SYDNEY MORNING HERALD
ON THE KOKODA TRACK, about the point where General Tomitaro Horii's invasion force was halted in September 1942 in sight of the Coral Sea, a mobile phone will now pick up the signal from the Port Moresby network.
As Papua New Guinea starts voting today in its national elections, after much worry about whether they would be held within the constitutional timeframe or even run in a meaningful way, many political players and analysts are watching to see how the mobile phone is changing the game.
The last elections took place in 2007, the same year the government deregulated telecommunications and removed the monopoly of the state telecom agency. Two mobile phone companies, Digicel and BeMobile, jumped into the market, and their networks have since expanded to cover 75 per cent of the nearly 7 million population.
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One study a year ago put mobile phone penetration at 48 per cent of the population. Sarah Logan, at the Australian National University, cites estimates that 30 per cent have a mobile phone. Either way, it dwarfs the number with a fixed line connection.
Last year, the mobile networks added a broadband capability, so wireless technology is doing the same leapfrog for internet connectivity, which had linked up only 2 per cent of the population previously. As well as getting general net access, increasing numbers are using social media.
Facebook has 80,000 members in Papua New Guinea, double the total of a year ago. Most are under 40. The Twitter hashtags #PNG and #OccupyWaigani regularly break news much faster than any other source in PNG, Logan notes in the ANU Pacific Institute's Outrigger blog.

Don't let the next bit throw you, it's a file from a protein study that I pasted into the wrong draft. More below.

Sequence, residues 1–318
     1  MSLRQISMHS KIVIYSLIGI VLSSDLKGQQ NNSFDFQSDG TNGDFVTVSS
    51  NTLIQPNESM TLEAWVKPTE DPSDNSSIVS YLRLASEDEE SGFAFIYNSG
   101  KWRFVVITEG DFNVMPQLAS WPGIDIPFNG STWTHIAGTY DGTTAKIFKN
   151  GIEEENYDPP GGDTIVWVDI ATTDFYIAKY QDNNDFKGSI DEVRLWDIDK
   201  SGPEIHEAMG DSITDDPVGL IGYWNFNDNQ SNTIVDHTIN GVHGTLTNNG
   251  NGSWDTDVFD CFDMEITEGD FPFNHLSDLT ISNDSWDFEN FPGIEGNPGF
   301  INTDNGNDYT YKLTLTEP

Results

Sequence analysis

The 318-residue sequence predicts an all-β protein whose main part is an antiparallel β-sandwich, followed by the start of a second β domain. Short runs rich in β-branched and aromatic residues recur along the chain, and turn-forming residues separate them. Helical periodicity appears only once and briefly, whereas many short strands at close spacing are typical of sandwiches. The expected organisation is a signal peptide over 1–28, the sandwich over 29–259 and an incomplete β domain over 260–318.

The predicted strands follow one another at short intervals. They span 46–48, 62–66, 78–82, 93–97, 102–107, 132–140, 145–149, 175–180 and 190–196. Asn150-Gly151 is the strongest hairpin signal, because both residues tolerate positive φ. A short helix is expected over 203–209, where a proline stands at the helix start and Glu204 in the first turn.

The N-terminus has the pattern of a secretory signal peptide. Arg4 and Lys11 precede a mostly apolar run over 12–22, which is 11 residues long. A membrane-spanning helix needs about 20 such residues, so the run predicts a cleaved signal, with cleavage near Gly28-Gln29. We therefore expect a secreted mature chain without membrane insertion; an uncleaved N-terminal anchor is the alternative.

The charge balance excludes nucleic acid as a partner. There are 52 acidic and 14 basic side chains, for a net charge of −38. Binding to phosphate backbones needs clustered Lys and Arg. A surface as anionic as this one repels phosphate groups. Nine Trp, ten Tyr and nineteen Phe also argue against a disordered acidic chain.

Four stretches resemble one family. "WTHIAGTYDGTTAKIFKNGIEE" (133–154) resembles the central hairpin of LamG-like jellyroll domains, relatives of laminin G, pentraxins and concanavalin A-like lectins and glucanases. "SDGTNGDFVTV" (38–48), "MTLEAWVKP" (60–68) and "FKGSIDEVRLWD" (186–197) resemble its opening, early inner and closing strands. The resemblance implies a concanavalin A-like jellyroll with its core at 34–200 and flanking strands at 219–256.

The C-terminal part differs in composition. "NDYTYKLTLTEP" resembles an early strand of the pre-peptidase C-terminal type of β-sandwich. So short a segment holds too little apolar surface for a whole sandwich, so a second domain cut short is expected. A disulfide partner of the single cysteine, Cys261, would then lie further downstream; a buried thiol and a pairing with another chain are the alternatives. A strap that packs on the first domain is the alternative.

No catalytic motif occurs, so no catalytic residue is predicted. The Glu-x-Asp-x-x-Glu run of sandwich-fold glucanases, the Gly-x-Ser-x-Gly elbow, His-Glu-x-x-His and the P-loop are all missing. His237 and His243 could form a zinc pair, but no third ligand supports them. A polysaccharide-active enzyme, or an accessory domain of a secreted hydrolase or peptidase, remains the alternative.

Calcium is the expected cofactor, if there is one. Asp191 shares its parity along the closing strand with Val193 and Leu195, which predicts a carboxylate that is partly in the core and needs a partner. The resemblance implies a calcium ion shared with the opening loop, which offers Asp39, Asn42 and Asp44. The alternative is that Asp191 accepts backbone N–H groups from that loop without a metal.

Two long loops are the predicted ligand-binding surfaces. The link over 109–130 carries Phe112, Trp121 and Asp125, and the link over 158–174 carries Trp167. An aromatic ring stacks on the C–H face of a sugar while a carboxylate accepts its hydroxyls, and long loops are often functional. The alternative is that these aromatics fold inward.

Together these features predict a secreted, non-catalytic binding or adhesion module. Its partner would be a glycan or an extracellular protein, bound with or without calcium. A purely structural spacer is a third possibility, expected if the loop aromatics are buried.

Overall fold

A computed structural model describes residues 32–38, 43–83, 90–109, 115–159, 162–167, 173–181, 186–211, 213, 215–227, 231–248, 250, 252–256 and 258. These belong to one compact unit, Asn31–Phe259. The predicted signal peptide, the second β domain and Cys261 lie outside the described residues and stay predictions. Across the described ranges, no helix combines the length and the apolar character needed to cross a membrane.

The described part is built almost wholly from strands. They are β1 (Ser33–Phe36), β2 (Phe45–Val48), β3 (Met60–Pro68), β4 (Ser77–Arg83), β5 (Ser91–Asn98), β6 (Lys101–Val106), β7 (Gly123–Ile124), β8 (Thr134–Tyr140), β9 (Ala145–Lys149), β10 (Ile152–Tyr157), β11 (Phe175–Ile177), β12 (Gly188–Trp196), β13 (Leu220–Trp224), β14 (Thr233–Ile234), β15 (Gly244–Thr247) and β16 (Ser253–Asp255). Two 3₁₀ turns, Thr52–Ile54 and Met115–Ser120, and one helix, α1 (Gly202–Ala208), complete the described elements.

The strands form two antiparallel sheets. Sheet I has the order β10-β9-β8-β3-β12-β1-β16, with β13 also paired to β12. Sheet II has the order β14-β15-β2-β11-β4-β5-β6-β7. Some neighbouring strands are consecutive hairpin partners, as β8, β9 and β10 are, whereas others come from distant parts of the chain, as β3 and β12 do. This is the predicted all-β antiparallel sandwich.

"The advent of mobile phones means PNG now arguably has a national communication network for the very first time, outstripping the relatively limited reach of PNG's relatively free press and TV broadcasters and overtaking its ineffective and expensive fixed line network," Logan says.
"Political blogs and Facebook itself also expand the media landscape considerably. This adds an important element of new possibilities of political communication to the already evident economic benefits of the introduction of new technology."
The political effects have already been felt in the capital, Port Moresby. During the political turmoil of the past 10 months, since the ousting of Sir Michael Somare from government, activists have been able to assemble large crowds to protest when public opinion turned against certain manoeuvres.
Another analyst, Danielle Cave, writing in the Lowy Institute's Interpreter blog, says: "The accessibility of mobile internet allows Papua New Guinea's Facebook users to share texts, articles, photos and video immediately while they are on the move - key ingredients for the co-ordination of a large public event."
As internet-capable mobile phones spread, "what will change are the tipping points that spark and inspire people to amplify their voices and co-ordinate a political response," Cave says.
Political leaders face "an increasingly vocal and powerful 'digital generation' that has proved it is possible to co-ordinate a mass rally, predominantly using social media tools, in a few days".